Posted by: jeannineatkins | June 3, 2015


In the midst of getting ready for a novel to be published in fall, I’ve been finishing another that is full of firsts-for-me. I’m aiming it at those devoted readers aged 8 to 12 or so, which I’ve done before, but this one has some magical elements that I came to believe in as I wrote. The magic here is based on history, and I’ve worked from the way the past seems to speak. Yes, I pushed things around, plucked out false conceits, but a certain belief stayed through its core.

I’m not a writer who types “the end,” when I finish a draft, since I can hardly believe I’m done through those six letters, but I did send the manuscript off to the three people of my writing group. This is the first time I’ve made my way through a novel without showing them chapters, and I’m a little terrified. I’ve made my own way from one scene to another, and rigged each scene without the benefit of another’s good eyes. There’s always something, sometimes plenty, that I miss, but this offers them a full 35,000 words to kindly but astutely ferret out false steps.

But there’s a chance the opinions of other people may not be as harsh as my own are when I return to the work. Frankly the parts my writing group likes, which I’ll feel I should commit to, are as scary as the parts they might suggest I cut. I’ve become pretty handy with sharp blades. I feel some emptiness while the manuscript goes to their homes, but there’s joy, too. Not so much for what’s loosely called finishing. I made sure the sentences were sentences and logic held one chapter to the next, but the word “finishing” doesn’t seem quite right when I know their comments will send me right back to work.


It’s good to reach some sort of end for many reasons, and one is that it offers a chance to begin again. It’s been a period of hard looking at the structure of the parts and the whole, making at least semi-fast choices, and pinning down. I sometimes call on creativity to help fill small spaces between words, but finishing up one stage of book tends to be more about cleanup, and my mind and hands keep a steady grip. It gets a little tense. Starting something new lets me open my fist. I welcome back creativity in her more expansive guise, working in more open spaces. Once again, anything can happen. Everything can fly every-which-way. For a while, I can set words adrift like the puff on dandelions gone by. Beginning means I get to let words loose and scatter, during this time when the lilacs have faded, but iris bloom.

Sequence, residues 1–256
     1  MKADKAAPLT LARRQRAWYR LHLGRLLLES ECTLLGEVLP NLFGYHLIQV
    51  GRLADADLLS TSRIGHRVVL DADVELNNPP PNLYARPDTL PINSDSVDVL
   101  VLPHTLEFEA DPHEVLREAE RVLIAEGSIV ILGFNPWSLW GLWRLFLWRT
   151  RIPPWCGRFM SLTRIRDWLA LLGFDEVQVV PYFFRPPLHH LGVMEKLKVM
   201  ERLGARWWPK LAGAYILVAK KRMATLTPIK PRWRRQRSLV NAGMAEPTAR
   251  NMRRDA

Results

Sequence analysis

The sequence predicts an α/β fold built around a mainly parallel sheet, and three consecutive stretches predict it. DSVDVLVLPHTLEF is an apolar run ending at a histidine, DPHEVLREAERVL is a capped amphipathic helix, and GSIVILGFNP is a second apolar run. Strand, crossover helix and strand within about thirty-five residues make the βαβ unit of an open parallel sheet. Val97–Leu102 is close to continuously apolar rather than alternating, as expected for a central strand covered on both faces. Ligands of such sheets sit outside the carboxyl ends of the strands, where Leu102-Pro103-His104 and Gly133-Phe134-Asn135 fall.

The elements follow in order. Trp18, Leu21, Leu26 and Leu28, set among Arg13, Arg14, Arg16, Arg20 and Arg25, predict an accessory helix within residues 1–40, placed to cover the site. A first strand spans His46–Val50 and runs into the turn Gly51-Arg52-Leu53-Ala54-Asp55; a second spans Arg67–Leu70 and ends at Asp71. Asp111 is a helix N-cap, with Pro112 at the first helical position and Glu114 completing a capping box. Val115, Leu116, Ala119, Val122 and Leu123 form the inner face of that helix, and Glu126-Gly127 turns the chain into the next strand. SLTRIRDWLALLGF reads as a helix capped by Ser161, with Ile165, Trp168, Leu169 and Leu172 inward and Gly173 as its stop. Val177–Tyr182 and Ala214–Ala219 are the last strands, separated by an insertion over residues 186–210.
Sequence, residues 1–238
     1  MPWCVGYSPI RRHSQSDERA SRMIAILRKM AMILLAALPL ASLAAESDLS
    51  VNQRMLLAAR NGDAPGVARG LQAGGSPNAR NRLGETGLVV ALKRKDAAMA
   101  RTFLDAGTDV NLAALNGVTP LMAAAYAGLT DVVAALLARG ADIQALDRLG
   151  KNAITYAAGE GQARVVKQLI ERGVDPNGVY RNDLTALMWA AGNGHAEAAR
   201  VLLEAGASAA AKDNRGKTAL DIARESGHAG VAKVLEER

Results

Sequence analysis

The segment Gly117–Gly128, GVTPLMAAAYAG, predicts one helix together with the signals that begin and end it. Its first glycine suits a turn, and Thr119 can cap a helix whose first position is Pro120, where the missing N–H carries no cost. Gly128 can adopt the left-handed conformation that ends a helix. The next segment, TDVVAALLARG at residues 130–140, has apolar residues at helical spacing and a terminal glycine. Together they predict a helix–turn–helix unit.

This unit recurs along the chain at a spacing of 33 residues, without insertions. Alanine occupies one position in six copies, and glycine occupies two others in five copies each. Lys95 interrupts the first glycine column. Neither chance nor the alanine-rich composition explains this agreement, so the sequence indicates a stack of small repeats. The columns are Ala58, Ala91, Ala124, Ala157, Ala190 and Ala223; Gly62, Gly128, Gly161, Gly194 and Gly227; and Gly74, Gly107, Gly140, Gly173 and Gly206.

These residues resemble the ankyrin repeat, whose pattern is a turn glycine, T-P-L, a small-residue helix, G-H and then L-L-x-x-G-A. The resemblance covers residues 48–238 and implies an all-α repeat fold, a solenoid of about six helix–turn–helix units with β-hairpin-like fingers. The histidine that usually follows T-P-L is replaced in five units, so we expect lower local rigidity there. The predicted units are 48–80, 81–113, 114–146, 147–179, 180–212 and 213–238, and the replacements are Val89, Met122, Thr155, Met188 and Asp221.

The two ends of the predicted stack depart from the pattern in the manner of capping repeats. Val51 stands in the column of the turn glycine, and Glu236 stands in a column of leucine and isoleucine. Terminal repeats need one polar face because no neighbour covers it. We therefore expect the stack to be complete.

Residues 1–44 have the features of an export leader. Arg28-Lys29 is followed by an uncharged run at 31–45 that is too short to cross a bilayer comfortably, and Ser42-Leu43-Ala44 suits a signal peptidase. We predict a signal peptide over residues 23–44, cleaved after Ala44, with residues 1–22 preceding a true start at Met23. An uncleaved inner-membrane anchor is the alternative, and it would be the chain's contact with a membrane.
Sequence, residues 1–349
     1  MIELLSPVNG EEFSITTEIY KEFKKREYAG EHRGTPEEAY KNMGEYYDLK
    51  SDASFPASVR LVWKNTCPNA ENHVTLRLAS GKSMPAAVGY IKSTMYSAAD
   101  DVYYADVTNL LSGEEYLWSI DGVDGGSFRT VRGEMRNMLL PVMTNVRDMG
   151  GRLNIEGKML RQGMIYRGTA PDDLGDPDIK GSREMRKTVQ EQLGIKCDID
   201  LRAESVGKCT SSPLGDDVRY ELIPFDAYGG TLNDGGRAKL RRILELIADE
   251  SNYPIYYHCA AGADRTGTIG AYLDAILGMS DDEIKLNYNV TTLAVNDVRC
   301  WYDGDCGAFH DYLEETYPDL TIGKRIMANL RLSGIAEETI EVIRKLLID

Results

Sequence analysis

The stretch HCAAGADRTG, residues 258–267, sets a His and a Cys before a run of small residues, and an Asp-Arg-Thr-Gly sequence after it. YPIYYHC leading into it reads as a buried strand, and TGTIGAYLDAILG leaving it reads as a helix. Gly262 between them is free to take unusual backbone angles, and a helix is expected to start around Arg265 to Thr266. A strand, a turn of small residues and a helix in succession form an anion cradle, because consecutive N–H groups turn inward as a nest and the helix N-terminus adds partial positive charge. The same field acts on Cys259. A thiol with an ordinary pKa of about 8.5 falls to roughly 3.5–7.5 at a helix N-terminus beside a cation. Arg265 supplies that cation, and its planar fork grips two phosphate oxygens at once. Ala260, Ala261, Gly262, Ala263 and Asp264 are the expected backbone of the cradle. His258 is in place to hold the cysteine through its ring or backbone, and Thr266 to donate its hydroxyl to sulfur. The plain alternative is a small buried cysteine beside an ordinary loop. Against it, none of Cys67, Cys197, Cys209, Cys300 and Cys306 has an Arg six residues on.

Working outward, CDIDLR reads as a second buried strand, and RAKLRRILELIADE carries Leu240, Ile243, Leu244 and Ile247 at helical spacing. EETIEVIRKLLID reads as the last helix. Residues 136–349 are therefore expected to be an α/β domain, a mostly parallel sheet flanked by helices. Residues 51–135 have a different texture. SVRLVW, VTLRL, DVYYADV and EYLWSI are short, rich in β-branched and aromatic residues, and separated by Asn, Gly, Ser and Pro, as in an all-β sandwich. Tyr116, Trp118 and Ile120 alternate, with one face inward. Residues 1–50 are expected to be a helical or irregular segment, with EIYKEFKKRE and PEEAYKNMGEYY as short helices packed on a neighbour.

1. I am always beyond impressed by your productivity, Jeannine, and by the beauty of your writing, which your last sentence attests to.

    • Thanks, Sarah. I am feeling productive this spring. Sometimes we type and type and it doesn’t seem to come to much: then it blooms. Wishing such for you.

  2. “Every new beginning comes from some other beginning’s end.” Song lyrics that I’m not able to place this evening. 😘

  3. I, too, have just “finished” a draft of a novel. 🙂 Yay for irises, is all I can say. And thank you for these round, full thoughts. xo

    • Yay for “finishing” with all its flourishes of quotation marks, and grateful for whatever’s in bloom when it happens. So glad to be finding our places on this circle with you!

Leave a Reply

Fill in your details below or click an icon to log in: Logo

You are commenting using your account. Log Out /  Change )

Google+ photo

You are commenting using your Google+ account. Log Out /  Change )

Twitter picture

You are commenting using your Twitter account. Log Out /  Change )

Facebook photo

You are commenting using your Facebook account. Log Out /  Change )


Connecting to %s


%d bloggers like this: